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TGNC and the Police

According to the Human Rights Campaign annual report, at least 32 transgender and gender-nonconforming (TGNC) people have been killed in the United States in 2022. They also cite that 15 trans people have been killed by police or while incarcerated in jails, prisons, or detention centers. Police contact with transgender and gender non-conforming individuals is often more frequent than many people realize. TGNC individuals are more likely to interact with police because they are more likely to be victims of violent crime due to housing, financial, and education status. Many transgender and nonconforming people are also often arrested simply for being out in public while being transgender.

In a recent national survey done tasked by the National Center for Transgender Equality and the National Gay and Lesbian Taskforce, it was identified that at least 54% of the respondents reported that they had interacted with law enforcement as a transgender or gender non-conforming person. When they were asked about their experience, at least 68% of them stated that police encounters were “handled with respect” and at least 30% of respondents suggested that “officers generally treated [them] with disrespect.” As expected, race has a larger impact on any interaction with the police as Black and brown bodies have historically and contemporarily had violent and fatal encounters with the police. White respondents reported, “respectful treatment” at a higher level than their peers who identify as people of color.

All transgender and non-conforming individuals are subject to high levels of police harassment and abuse. A significant number of transgender and gender non-conforming people have been stopped, imprisoned, and detained just for being transgender or non-conforming. About fifty percent of transgender and gender non-conforming people feel uncomfortable calling the police for assistance when needed due to police harassment and violence. Only one-third are comfortable contacting the police for assistance. Due to the higher-than-average rates of harassment and violence that transgender and gender non-conforming persons suffer, many feel unable to access one of the most important resources that society provides to protect individuals in times of need.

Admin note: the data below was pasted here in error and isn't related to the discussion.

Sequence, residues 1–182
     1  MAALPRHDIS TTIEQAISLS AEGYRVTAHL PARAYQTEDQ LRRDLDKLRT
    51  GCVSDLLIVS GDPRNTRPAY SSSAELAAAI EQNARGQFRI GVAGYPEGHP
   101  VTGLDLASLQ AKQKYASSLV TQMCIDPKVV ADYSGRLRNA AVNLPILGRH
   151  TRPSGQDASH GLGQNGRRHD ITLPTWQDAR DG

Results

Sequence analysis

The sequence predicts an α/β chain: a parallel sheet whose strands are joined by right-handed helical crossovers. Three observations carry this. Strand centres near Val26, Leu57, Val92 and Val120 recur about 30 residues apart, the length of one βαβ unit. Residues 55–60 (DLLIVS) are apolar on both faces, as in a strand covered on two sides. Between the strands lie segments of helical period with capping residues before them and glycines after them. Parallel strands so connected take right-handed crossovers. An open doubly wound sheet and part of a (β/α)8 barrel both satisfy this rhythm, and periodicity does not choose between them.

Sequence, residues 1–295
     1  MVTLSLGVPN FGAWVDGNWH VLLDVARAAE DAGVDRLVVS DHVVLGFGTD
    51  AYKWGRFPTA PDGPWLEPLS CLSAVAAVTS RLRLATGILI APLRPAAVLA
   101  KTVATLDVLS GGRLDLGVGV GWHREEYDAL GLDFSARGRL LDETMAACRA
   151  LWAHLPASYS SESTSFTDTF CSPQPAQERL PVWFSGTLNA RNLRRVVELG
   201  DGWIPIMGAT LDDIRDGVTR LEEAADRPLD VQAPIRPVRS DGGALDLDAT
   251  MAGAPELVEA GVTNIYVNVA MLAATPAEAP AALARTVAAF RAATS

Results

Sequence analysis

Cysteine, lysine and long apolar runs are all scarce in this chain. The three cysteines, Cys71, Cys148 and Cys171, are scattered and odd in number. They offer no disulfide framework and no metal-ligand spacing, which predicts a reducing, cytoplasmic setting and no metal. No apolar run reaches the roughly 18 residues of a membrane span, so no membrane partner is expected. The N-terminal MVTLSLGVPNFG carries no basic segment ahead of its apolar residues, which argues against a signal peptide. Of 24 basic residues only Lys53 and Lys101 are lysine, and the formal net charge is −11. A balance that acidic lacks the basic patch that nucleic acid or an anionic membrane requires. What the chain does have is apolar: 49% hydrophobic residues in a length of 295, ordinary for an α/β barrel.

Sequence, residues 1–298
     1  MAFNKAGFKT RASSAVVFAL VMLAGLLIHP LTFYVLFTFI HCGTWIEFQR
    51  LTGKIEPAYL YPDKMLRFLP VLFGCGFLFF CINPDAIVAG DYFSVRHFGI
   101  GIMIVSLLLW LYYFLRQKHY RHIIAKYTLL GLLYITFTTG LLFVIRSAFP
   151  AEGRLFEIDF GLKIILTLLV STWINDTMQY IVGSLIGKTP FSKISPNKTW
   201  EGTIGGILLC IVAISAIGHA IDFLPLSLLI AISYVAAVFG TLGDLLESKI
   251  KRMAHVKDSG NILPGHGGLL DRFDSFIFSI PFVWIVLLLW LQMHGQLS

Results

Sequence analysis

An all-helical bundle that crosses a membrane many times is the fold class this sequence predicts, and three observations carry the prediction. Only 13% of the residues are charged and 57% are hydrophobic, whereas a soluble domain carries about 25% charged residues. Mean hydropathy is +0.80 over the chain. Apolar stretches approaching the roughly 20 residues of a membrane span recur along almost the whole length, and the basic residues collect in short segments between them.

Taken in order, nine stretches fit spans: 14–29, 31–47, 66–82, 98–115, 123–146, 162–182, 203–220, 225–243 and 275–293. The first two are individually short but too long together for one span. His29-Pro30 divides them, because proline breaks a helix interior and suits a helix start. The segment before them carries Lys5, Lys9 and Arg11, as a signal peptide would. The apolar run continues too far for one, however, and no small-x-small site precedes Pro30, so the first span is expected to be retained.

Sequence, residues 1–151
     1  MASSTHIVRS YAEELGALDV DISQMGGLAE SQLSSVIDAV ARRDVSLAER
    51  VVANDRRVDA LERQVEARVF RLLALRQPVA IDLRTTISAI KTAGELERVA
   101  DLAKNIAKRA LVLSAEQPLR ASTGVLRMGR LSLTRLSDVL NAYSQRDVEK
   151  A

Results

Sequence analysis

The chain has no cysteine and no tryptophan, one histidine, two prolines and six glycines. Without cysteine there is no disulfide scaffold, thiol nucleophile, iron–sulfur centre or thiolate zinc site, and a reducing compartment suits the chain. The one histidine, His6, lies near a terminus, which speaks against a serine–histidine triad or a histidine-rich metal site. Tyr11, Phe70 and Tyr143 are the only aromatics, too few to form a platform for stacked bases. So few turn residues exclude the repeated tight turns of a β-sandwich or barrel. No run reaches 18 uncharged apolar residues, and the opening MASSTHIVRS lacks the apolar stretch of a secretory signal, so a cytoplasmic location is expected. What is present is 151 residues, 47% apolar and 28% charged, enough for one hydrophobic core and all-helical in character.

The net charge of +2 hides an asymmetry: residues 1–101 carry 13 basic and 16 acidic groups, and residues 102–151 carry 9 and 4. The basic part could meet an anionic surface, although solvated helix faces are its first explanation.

The approach of police departments have towards transgender and gender non-conforming individuals must be addressed. Both new and veteran police officers should receive comprehensive training on how to treat and engage with transgender and gender non-conforming people with respect, regardless of whether they are seeking aid or are being detained. To continue and reinforce the effect of training, police departments should require documented policies about respectful treatment, arrest procedures, and home placement, so that all officers are familiar with the required protocols or can review them as needed. Officers who violate these principles or otherwise engage in disrespectful or aggressive behavior shall be subject to disciplinary action, including termination when appropriate. The department's leadership should foster a culture of appreciation for diversity, inclusive of transgender and non-conforming individuals.

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